By Sarah Carr
September 27, 2009
At first, Aliska Prejean was a little skeptical when school leaders told her a new administration would take over the lower grades at Carver Elementary, where her five children are enrolled.
Without a car, she worried about the logistics of picking up her children at different times. And without much money, she worried about having to buy a bunch of new uniforms.
The educators who visited her house to explain the concept were reassuring, however. And when school started in August, her pre-kindergartener and second-grader happily went off to the new school, Benjamin Mays Prep, located on the same campus as Carver, which her three older children continued to attend.
Carver is one of four campuses across the city where educators have embarked this fall on an unusual method of rehabilitation. Instead of closing the school completely, or handing over the reins to a new leader, they hope to transform the schools gradually:
At the Carver campus, Benjamin Mays Prep, a charter school, took over only the pre-kindergarten through second grades; each year, Mays will add a grade until Carver no longer exists.
"If we can prove this transformation process works, it holds tremendous promise not just for New Orleans, but nationwide, " said Matt Candler, chairman of the Louisiana Association of Public Charter Schools, who helped design the concept.
The strategy comes at a time of intense interest nationally in how to turn around the country's lowest-performing schools. U.S. Secretary of Education Arne Duncan has charged states with devising ways to reinvent the country's "chronically underperforming" schools, the bottom 5 percent.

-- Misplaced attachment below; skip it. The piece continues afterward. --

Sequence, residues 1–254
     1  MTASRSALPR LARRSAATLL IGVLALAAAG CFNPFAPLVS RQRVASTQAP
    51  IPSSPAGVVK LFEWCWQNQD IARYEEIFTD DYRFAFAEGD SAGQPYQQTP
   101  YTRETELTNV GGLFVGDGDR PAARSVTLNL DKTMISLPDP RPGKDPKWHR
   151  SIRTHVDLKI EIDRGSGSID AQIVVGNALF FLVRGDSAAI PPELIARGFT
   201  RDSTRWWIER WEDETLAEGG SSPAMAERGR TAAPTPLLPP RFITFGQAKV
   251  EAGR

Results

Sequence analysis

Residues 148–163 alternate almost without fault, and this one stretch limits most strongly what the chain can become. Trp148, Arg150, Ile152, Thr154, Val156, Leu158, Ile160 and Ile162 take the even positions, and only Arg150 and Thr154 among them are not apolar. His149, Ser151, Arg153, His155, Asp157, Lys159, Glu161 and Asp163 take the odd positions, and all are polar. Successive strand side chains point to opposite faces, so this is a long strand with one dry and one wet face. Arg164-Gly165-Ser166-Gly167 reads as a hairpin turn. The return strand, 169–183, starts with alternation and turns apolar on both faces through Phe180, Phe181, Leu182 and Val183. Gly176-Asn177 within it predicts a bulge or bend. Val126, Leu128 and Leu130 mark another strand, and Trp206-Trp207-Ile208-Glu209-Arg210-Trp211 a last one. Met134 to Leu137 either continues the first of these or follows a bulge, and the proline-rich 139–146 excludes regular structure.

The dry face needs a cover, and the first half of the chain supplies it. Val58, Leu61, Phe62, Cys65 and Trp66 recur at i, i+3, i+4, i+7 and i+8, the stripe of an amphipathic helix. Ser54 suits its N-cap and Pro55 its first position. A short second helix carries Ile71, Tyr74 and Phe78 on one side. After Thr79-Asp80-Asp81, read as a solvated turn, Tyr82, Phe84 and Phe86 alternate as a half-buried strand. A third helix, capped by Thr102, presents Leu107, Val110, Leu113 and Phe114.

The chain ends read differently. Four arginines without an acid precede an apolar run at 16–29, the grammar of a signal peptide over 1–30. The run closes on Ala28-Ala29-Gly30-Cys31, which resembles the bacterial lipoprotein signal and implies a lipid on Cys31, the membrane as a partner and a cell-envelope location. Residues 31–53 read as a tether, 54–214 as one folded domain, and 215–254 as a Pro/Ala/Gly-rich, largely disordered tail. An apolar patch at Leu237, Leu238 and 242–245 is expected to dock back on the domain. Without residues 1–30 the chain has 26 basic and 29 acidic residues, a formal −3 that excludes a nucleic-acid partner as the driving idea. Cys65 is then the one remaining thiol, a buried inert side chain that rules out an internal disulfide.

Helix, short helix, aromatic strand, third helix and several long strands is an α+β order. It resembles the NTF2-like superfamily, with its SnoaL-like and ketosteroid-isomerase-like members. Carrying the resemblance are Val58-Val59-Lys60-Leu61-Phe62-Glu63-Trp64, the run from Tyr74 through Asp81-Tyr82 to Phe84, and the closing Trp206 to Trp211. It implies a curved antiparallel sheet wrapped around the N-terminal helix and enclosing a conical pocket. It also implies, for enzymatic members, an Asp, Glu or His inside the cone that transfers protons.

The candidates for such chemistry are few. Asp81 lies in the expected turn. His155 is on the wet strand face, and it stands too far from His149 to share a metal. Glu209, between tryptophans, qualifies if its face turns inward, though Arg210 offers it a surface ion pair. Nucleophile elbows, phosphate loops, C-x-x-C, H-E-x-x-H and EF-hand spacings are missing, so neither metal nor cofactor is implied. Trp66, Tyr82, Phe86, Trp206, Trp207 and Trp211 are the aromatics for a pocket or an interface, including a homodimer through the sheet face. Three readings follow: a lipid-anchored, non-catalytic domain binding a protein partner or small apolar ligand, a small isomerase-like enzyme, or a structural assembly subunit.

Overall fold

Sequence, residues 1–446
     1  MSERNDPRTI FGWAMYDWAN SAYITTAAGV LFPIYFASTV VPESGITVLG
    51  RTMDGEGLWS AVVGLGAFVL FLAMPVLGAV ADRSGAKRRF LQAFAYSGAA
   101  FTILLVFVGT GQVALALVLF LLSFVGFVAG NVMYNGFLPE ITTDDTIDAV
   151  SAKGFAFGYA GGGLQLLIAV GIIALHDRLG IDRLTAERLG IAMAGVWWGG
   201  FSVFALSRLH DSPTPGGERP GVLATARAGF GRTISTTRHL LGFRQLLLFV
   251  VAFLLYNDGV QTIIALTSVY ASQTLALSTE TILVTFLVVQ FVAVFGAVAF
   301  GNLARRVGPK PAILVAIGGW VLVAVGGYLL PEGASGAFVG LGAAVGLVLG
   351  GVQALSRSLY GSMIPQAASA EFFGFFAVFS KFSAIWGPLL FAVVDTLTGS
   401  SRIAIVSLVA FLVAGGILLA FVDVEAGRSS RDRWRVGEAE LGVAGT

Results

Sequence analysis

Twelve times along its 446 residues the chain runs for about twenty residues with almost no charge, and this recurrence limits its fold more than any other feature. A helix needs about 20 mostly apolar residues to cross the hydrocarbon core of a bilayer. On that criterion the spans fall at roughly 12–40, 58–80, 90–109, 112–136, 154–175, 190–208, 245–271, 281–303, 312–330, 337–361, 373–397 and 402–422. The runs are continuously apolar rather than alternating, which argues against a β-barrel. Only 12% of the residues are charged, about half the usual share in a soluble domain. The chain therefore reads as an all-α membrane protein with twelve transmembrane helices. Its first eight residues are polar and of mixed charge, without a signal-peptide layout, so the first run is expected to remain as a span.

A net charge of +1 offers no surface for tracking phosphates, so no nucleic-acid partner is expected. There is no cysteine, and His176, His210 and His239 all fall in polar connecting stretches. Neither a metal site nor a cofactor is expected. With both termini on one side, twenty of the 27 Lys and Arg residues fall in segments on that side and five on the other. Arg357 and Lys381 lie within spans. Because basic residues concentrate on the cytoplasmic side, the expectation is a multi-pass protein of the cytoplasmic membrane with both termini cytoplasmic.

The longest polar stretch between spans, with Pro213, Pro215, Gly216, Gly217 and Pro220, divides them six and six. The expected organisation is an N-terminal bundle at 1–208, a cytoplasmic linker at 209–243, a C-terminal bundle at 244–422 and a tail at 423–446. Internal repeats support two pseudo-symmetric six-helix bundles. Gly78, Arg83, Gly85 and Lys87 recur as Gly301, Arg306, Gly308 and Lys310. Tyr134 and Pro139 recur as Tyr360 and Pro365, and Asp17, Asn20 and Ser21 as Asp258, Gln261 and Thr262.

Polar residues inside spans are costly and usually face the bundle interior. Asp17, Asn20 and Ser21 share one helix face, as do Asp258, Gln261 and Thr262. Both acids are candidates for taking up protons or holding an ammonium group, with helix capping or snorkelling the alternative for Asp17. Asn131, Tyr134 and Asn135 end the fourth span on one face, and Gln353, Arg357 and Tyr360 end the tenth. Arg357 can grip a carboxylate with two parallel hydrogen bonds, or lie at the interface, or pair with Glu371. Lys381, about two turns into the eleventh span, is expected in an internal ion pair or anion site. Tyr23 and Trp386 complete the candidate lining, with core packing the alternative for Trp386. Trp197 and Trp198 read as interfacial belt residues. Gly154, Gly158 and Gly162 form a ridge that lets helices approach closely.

So far, three other approaches have dominated: closing the weakest schools; reconstituting them with new faculty and staffs; or handing them over to new operators, like the state or a nonprofit group that manages clusters of charters.
The strategy under way at Carver and the other three campuses is unique in that it blends all three approaches, but takes more time to implement. Its backers say that it's less painful to a community than closing a school outright, and makes it easier to eradicate low expectations and unhealthy school cultures since the new programs start with only the youngest children. Critics call it inefficient to staff one campus with two separate administrations and support staffs, and worry about neglect of the older students.
Regardless of such opinions, the experiment at Carver, Gregory, Wicker and Drew elementary campuses requires unprecedented cooperation among the schools.
"We knew very early on that this marriage had to work, " said Duke Bradley, the leader of Mays Prep.
Education with a drumbeat
Early one morning at the Carver campus, housed in modular units not far from the flood-ravaged original building in the Upper 9th Ward, a handful of Carver students in navy uniforms quietly walked between the buildings. As visitors approached the rear of the campus, the sound of children's voices chanting in unison built to a crescendo.
"Mays Prep! Mays Prep! Mays Prep Knights!!!"
In the small Carver auditorium, the entire student body of Mays Prep sat in a horseshoe pattern around Bradley.
"We're going to count to 50 by fives, " he cried out. "I don't know if Southern University can do that. I don't know if Boston University can do that. I don't know if Smith (College) can do this well." Like many other charter schools, Bradley refers to classes by the alma mater of their teacher, an attempt to instill a college-bound focus in children as young as four.
After revving up the youngsters for 30 minutes, Bradley brought out a drum and played as the children headed back to class.